Wizards, Aliens, and Starships and Einstein and the Quantum named Top 10 Physics Books of 2014 by Physics Today magazine

Charles L. Adler’s Wizards, Aliens, and Starships: Physics and Math in Fantasy and Science Fiction and A. Douglas Stone’s Einstein and the Quantum: The Quest of the Valiant Swabian were each named to Physics World‘s 2014 “Top 10 Books of the Year” list. The ten books on the list “are all well written, novel and scientifically interesting for a physics audience.”

On their blog, Physics World writes of Wizards, Aliens, and Starships,

“Books about the science of science fiction aren’t uncommon, but it’s rare to see the subject treated with as much flair and rigour as it is here. Throughout this book, author Charles Adler uses ‘Fermi problems’ – challenging exercises in reasoning and back-of-the-envelope calculation – to evaluate the plausibility of various concepts from SF and fantasy. It’s an approach that should endear his book to physicist readers, and it’s particularly pleasing to see the world of fantasy (not just “hard” science fiction) get some scientific scrutiny.”

Further praise was given to Einstein and the Quantum:

“Sparkling writing and crystal-clear physics make this account of Einstein’s quantum work stand out on the overcrowded shelf of books devoted to the world’s most famous physicist. Unlike many other Einstein authors, A. Douglas Stone is neither a cosmologist nor a historian. Instead, he’s a solid-state physicist, and the parts of Einstein’s work that most intrigue him concern thermodynamics and the behaviour of quantum ideal gases, rather than well-known gedankenexperiments about beams of light on trains. Reading about this other side of Einstein is a real (and unexpected) pleasure.”

According to Physics World, “2014 has been a fantastic year for science books, and for physics books in particular,” and the same can be said for all our PUP titles!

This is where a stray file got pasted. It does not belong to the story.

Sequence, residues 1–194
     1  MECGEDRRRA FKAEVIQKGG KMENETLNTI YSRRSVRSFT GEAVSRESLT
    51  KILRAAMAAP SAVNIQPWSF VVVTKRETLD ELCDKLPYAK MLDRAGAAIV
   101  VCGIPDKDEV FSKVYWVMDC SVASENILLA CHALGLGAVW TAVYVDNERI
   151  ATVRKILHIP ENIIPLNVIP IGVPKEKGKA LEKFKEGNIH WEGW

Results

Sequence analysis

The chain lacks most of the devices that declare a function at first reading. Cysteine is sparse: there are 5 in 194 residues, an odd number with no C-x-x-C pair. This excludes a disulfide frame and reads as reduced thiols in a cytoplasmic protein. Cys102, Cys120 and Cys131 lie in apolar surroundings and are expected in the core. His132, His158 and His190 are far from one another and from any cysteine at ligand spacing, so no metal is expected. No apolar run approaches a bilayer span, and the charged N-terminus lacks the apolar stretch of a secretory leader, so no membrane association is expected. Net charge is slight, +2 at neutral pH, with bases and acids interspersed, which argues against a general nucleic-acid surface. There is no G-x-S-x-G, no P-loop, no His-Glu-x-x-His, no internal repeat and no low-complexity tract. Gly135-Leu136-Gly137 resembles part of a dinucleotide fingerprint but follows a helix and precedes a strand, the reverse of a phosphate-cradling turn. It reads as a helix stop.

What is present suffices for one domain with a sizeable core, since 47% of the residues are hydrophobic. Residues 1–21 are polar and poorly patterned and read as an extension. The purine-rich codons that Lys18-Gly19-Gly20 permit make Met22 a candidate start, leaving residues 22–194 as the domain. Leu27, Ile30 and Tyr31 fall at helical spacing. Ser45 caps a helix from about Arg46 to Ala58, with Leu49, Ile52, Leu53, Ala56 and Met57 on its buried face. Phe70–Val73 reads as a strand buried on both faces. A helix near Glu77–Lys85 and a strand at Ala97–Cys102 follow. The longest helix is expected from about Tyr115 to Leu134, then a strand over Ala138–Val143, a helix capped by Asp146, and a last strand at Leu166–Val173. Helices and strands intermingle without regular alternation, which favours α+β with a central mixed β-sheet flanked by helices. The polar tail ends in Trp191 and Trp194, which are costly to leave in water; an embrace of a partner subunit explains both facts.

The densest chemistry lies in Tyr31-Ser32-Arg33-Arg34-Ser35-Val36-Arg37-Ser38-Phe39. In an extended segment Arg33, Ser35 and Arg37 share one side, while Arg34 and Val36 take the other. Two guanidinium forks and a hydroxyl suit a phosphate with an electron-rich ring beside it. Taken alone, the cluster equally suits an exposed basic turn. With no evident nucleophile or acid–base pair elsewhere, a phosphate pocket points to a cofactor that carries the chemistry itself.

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Wizards, Aliens, and Starships:
Physics and Math in Fantasy and Science Fiction
Charles L. Adler 

 

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Einstein and the Quantum:
The Quest of the Valiant Swabian
A. Douglas Stone

1177 B.C.: The Year Civilization Collapsed wins 2014 Award for the Best Popular Book, American Schools of Oriental Research

clineEric H. Cline, author of 1177 B.C.: The Year Civilization Collapsed, is the first ever recipient of the American Schools of Oriental Research’s (ASOR) new award, the Best Popular Book Award (which will be officially named next year). “This award is presented to the author/editor of a book published in the last two years that offers a new synthesis of archaeological data intended to reach an audience of scholars as well as students and the broader public.”

Excerpts from the certificate presented to Cline at the annual ASOR meeting in San Diego praised his ability to inform and interest various types of readers:

“Eric Cline…masterfully brings together a wealth of information while maintaining a popular appeal throughout his study.”

“Cline’s extensive bibliography of source material makes this book extremely valuable for scholars, yet he explains the complexities of his subject in language easily understandable by the general public. This book possesses the rare quality of engaging both the academic and general readership.

Congratulations to Cline on winning the prestigious award and for setting the bar high for future nominations of the Best Popular Book. Below is a picture of Cline’s award alongside copies of 1177 B.C.

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The Warbler Guide, winner of a 2014 National Outdoor Book Award in Nature Guidebooks

warblerTom Stephenson and Scott Whittle, authors of The Warbler Guide, received high praise for their book from the National Outdoor Book Awards. The guide covers 56 species of Warblers and features over 1,000 color photos and is a must have for Warbler watching enthusiasts. The review committee had the following to say of The Warbler Guide:

“This visually striking guide is a birders’ bonanza. It is encyclopedic in coverage and incorporates an array of tools to help identify North America’s 56 warbler species. Open it up and straight away you’ll find several handy ‘quick finders’ which picture each bird in one of several observational aspects: face profile, side view, 45-degree perspective and underside views. That’s just a start. The bulk of the guide describes each bird in elaborate detail, including habitat keys, feeding styles, extensive sonograms, migration patterns, and photos, lots of photos, of each species seen from every possible viewing angle. Pore over this book in the winter and you’ll be armed and ready for springtime’s annual flood of warblers.”